Researchers have developed a DNA repair pathway score that could show whether first-line platinum based chemotherapy can be effective in advanced stage ovarian cancer patients.
The study is published April 13 in the Journal of the National Cancer Institute.
Most ovarian cancer patients are diagnosed with advanced disease (stages III and IV). They undergo surgery to remove as much tumor as possible, and then undergo platinum-based chemotherapy. But tools to predict response to platinum-based chemotherapy in ovarian cancer patients have been inadequate.
In order to determine if a DNA repair pathway-focused score could help predict outcomes for ovarian cancer patients treated with platinum-based chemotherapy, Josephine Kang, M.D., Ph.D., of the Department of Radiation Oncology at Dana Farber Cancer Institute, and colleagues gathered gene expression data from The Cancer Genome Atlas (TCGA) database for patients with advanced stage ovarian cancer, and established a molecular score by looking at the genes involved in platinum-induced DNA damage repair pathways. The patients were placed either into low or high score categories, and the prognostic value of the score for overall survival, recurrence free survival, and progression-free survival was assessed.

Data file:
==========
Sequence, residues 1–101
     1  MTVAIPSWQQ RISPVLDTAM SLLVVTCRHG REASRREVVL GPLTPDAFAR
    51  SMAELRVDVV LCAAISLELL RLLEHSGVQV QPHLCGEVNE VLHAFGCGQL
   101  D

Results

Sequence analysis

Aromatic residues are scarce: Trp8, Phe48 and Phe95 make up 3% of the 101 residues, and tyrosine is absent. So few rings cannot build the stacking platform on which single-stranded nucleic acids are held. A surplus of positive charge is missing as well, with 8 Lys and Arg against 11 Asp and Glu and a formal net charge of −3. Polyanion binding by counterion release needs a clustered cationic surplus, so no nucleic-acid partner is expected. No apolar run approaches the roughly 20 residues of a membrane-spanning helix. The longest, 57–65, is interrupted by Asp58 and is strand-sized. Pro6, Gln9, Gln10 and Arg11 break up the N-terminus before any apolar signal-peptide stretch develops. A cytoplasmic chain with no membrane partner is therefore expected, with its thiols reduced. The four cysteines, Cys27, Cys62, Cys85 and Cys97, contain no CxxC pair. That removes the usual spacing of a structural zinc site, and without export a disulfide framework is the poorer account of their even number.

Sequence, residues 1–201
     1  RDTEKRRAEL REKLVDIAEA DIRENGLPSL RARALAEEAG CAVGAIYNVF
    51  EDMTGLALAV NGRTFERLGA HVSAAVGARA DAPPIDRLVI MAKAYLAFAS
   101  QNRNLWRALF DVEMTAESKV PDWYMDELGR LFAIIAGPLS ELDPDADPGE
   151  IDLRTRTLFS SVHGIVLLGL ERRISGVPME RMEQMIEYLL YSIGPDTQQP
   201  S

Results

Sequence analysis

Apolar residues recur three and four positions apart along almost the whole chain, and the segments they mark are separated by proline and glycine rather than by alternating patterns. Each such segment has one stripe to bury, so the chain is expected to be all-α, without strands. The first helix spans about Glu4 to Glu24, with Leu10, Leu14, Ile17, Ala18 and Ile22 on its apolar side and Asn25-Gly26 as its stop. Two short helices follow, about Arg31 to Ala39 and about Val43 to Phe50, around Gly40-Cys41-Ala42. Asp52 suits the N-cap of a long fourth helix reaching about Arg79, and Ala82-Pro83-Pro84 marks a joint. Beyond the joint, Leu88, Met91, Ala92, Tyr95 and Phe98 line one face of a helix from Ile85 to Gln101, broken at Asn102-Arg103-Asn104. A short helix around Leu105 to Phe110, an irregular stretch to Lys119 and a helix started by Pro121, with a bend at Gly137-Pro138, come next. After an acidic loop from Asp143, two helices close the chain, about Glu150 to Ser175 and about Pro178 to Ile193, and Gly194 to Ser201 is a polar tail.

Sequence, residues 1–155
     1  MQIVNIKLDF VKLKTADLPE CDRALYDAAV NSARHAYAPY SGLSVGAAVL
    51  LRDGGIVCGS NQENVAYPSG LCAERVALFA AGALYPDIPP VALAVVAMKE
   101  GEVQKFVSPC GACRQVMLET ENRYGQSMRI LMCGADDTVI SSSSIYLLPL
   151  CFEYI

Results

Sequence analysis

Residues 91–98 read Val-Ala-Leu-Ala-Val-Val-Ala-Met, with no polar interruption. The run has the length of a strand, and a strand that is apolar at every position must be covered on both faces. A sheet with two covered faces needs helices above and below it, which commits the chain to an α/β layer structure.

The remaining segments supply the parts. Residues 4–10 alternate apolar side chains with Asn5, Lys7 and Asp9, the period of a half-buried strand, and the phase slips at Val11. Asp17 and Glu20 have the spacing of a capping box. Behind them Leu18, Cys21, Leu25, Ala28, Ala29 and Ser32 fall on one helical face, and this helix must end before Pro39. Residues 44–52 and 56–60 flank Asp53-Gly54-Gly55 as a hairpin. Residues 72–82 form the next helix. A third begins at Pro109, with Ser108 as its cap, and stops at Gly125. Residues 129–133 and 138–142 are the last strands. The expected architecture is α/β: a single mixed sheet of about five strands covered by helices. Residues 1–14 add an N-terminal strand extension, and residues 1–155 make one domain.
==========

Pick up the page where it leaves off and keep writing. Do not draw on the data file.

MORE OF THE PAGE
The researchers found that patients with high scores showed a statistically significant improved overall survival compared to the patients with low scores. These patients' score was positively correlated with complete response rate, recurrence-free survival, and progression-free survival. The researchers also found that the patients' scores outperformed other known clinical factors in predicting overall survival in the TCGA dataset as well as in two additional validation sets. "Developing the ability to predict OS and outcomes to chemotherapy using prognostic markers such as the score is critical, particular in ovarian cancer, because there are presently no other good clinical measures to predict response to standard platinum-based chemotherapy," the authors write.
They also note the study's limitations, namely that the score has not yet been tested prospectively in a clinical trial, although they do believe it is ready for testing. "With additional prospective validation in clinical trials, we hope that the score can become a powerful tool that is useful in stratifying advanced-stage ovarian cancer patients toward optimal treatments incorporating new treatment regimens vs. current standard of care," the authors write.
In an accompanying editorial, Elizabeth M. Swisher, M.D., of the Department of Obstetrics and Gynecology at the University of Washington agrees that the score was not adequately validated and is not ready for clinical application. She writes that the study is an important effort, while adding that the "premature application of inadequately validated biomarkers may adversely impact the successful implementation of individualized therapies."